Explorations in Black Leadership

Co-Directed by Phyllis Leffler & Julian Bond

Personal Impact of Social Movements

BOND: Well, I don’t want to give you extravagant praise, but I think it does trickle down, in this case. Let’s shift gears again. Some people characterize making of leaders in three different ways. One is great people cause great events. Movements make leaders. Or the confluence of unpredictable events creates leaders appropriate for the times. Does one of these fit you?

HRABOWSKI: The latter two would fit in that no doubt being born in 1950 and being a child in the ’60s when Dr. King and others said we want children to go to jail made a big difference in my life. It really did. I was fortunate to be -- have been born at the time that I could be a part of that experience, to observe, to watch, to participate, and to do a small part. Just, I mean -- it was very important. And so you see, after that event, people used me to talk about the experience because many of the children who were in jail were from the projects. There weren’t a lot of middle class kids who had had the advantages of educated parents who went. There were a few of us but for the most part, the people who went were the folks who had the most to gain from their point of view. The people who didn’t go, in many cases, were worried, understandably, that they might lose things. They were wonderful people, but they were worried. They were telling my mother, “You sure you’re going to let -- he went to jail, you’re going to leave him in there?" You know, and so what am I saying? I am saying that I had the opportunity to speak and reflect on that movement for years.

When I went to Hampton, the president wanted me to talk about that experience -- Jerome Holland, who became ambassador to Sweden -- when I became very involved in leadership activities on campus, and he was a superb fundraiser and he knew how to bring me out. I mean, just as one of these boys from the South, to talk about the experience, I mean -- and so it was great. They’d take me to New York to speak and so I was having all these experiences throughout high school and college, all of which prepared me to talk about what I really believe and to say to people this is something you ought to think about. This what leaders do, if you think about it. We talk about what we really believe and we try to pull people into that work.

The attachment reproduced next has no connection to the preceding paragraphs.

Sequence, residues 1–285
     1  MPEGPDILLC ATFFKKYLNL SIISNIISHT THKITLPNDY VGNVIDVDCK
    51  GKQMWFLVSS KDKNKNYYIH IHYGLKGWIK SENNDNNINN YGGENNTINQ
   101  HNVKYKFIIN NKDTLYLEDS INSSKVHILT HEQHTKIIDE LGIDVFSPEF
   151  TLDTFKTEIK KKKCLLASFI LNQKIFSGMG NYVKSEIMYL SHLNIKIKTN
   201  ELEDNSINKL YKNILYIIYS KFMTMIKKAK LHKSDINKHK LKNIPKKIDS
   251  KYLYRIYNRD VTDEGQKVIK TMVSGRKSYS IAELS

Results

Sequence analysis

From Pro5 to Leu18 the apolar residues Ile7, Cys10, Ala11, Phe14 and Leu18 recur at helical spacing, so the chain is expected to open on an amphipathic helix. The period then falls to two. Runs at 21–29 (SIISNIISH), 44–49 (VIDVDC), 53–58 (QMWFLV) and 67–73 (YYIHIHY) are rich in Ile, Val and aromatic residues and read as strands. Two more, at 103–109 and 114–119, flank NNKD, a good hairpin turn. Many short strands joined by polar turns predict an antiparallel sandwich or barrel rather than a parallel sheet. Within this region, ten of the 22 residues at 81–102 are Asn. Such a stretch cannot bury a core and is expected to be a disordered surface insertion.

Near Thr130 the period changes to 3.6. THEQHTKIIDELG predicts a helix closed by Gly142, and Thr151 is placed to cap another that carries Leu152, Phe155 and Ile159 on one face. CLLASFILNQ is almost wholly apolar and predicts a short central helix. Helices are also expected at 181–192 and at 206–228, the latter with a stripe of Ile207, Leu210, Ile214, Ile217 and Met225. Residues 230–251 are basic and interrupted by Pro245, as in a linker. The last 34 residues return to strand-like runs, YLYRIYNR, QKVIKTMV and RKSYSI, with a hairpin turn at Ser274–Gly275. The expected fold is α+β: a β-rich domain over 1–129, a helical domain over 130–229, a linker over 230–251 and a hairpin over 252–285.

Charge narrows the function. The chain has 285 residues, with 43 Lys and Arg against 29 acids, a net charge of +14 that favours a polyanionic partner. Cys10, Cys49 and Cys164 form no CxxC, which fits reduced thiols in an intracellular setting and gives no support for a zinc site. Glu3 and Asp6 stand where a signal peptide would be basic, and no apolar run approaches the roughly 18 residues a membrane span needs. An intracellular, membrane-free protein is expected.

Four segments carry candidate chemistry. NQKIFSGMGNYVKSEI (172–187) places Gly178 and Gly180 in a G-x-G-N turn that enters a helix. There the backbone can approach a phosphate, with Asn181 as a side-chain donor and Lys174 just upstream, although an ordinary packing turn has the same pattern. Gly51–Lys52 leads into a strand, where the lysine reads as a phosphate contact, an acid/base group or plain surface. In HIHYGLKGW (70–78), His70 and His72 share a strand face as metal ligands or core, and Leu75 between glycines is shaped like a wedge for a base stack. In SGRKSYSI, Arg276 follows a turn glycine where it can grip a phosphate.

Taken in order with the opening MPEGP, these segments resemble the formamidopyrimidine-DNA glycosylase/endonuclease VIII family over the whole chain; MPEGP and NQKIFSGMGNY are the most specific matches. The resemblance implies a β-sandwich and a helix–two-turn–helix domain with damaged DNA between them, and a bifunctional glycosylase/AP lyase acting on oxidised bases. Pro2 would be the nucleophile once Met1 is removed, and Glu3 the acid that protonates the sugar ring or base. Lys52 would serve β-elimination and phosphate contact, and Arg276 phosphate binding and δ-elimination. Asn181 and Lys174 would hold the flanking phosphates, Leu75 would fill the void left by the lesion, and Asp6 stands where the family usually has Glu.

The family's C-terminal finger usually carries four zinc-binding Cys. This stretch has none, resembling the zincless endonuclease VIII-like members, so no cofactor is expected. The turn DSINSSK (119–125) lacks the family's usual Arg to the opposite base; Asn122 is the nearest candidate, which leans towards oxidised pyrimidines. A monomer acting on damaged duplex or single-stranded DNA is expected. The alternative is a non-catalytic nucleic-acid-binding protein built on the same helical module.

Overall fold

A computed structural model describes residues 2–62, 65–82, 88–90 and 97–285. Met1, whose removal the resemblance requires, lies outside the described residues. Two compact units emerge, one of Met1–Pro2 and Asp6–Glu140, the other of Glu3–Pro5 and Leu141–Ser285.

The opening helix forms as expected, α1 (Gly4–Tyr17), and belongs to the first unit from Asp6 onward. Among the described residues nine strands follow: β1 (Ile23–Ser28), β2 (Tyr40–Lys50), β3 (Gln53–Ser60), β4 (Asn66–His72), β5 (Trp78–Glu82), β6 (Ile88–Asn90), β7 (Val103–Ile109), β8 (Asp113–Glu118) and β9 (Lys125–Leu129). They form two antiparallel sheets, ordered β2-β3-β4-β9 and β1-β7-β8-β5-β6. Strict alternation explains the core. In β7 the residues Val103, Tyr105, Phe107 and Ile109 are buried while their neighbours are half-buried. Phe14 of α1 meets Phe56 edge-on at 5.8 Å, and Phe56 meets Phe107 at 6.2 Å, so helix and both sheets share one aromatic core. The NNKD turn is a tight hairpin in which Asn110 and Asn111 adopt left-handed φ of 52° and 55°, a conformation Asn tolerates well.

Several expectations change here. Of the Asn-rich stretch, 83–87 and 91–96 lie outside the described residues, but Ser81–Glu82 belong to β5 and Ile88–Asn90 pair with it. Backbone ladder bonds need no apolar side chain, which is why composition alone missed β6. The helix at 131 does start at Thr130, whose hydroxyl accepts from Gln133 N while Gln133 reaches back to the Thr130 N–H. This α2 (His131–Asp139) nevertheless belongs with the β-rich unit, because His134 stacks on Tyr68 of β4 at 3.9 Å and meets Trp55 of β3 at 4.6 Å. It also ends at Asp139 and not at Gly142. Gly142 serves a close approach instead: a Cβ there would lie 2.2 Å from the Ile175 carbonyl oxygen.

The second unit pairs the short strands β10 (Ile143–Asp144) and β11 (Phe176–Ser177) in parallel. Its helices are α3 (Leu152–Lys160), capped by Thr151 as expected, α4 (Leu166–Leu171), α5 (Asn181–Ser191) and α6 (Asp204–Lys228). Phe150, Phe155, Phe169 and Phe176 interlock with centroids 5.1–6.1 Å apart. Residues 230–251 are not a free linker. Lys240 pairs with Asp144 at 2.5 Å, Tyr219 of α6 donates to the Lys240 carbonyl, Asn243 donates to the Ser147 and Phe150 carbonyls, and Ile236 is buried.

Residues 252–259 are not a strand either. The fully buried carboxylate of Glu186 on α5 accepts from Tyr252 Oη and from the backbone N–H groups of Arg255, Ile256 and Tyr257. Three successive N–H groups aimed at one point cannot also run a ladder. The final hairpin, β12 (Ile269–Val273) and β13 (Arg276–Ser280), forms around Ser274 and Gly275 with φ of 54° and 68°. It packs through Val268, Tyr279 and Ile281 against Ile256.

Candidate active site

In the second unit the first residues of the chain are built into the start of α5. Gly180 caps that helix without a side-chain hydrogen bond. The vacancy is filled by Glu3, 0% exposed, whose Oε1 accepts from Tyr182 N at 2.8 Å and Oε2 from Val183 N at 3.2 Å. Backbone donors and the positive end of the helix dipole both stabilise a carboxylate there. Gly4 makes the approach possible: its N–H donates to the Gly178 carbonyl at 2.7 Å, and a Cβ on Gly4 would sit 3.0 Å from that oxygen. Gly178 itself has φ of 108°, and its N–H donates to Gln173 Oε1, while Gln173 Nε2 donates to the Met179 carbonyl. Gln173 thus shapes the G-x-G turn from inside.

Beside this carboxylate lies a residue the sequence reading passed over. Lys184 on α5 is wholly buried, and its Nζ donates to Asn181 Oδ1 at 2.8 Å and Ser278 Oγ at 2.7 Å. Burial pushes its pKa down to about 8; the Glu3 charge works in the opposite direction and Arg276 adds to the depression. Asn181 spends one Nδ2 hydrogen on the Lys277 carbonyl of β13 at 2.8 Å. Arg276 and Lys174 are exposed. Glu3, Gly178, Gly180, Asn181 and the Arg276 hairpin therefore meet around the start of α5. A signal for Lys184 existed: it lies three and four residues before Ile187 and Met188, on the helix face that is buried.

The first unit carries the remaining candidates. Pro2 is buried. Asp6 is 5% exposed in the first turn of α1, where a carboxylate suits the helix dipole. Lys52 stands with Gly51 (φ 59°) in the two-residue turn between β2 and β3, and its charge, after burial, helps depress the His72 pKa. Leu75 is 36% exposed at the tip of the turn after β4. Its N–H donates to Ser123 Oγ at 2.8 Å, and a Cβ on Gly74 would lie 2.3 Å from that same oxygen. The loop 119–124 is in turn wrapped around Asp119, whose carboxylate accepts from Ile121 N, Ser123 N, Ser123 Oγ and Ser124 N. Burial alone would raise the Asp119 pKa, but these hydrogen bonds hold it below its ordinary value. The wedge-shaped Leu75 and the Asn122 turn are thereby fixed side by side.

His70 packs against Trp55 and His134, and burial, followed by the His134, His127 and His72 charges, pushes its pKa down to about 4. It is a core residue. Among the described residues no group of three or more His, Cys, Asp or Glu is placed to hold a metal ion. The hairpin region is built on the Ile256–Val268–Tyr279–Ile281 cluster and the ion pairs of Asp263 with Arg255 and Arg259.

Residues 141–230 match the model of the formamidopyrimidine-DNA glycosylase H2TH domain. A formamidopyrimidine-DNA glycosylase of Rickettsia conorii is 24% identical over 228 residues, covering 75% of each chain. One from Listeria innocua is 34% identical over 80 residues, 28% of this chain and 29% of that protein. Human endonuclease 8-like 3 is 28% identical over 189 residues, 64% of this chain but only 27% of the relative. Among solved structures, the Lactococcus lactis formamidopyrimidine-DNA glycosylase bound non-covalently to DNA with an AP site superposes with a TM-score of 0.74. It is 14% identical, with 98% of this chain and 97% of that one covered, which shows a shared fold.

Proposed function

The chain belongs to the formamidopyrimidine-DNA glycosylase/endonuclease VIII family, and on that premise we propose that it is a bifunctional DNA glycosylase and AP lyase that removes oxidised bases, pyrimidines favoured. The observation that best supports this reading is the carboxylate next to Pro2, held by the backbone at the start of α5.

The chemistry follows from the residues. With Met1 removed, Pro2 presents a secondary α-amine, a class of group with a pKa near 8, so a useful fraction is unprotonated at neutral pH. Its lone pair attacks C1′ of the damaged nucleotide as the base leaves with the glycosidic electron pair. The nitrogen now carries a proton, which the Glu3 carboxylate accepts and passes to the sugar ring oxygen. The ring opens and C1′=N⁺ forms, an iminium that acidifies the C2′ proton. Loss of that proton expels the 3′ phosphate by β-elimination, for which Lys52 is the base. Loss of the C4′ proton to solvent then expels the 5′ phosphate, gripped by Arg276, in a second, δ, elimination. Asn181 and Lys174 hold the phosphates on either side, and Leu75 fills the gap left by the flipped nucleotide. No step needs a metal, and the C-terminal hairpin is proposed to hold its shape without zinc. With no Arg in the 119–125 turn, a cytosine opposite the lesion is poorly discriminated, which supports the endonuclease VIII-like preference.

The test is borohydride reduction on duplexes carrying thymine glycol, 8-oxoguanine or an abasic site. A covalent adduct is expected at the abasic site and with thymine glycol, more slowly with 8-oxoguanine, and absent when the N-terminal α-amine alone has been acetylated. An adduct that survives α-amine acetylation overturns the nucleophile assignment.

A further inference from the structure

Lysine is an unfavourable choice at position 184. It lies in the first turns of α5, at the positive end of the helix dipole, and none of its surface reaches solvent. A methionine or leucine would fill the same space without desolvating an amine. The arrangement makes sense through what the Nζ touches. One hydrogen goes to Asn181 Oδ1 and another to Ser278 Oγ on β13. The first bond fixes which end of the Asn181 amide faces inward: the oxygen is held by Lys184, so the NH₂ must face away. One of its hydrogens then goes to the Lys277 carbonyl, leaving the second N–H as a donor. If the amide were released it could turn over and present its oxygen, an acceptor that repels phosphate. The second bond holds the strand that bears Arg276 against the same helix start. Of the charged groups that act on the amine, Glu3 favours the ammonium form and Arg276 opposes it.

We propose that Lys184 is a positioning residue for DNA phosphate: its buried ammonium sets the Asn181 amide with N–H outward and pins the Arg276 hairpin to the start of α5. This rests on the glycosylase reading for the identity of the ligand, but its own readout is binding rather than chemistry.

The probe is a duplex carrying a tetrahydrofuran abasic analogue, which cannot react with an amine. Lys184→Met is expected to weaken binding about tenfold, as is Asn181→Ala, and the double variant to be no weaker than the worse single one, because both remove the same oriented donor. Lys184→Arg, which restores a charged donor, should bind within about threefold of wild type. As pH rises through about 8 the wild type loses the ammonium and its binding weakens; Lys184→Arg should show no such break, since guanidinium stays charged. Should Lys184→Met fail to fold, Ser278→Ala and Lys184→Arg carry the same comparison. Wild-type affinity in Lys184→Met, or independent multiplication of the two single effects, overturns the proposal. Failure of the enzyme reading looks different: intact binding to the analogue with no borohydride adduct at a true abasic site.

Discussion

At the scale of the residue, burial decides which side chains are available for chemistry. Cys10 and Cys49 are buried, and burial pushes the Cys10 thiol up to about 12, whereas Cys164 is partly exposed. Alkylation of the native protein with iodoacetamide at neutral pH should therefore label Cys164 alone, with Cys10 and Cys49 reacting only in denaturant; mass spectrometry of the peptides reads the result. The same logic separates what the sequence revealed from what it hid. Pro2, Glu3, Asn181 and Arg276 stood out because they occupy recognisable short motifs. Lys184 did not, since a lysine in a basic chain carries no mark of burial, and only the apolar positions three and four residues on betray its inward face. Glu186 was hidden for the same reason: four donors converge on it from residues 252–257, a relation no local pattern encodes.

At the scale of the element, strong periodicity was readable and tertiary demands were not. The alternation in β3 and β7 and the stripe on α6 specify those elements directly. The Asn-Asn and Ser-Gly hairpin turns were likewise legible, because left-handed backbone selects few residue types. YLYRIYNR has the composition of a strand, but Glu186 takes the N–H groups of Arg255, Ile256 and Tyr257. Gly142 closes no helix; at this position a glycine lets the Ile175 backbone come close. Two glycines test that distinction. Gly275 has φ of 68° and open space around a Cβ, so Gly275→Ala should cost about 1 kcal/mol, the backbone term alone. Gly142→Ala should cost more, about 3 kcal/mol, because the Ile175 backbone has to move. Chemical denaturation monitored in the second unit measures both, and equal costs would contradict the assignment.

BOND: Does your legitimacy as a leader -- is it grounded in your ability to persuade people to follow your vision or is it your ability to articulate the agenda of a movement?

HRABOWSKI: It’s a great question. I think it’s somewhere involving those things and more, though. I think that true leaders have to be able to understand the people to be led or the group and the cause and to struggle with those people in developing a vision. We’ve had to struggle here in determining who can we be and how can we be excellent at something given the circumstances here. It wasn’t about me. It wasn’t about one or two people. There were a lot of people who worked to come to this point of where we are, so, first of all, it’s being able to work with people to struggle, to come up with the vision you want to have. That’s not obvious itself, first of all. Then secondly, then it becomes a matter of how do you express it with enthusiasm and authenticity. How -- and how can you get others to buy into that vision and so it’s the combination of working to develop and build a consensus, then being able to represent people, and finally, being able sometimes to push to go to the next level and just to sort of determine what is the next level for an institution, for a race, for a country.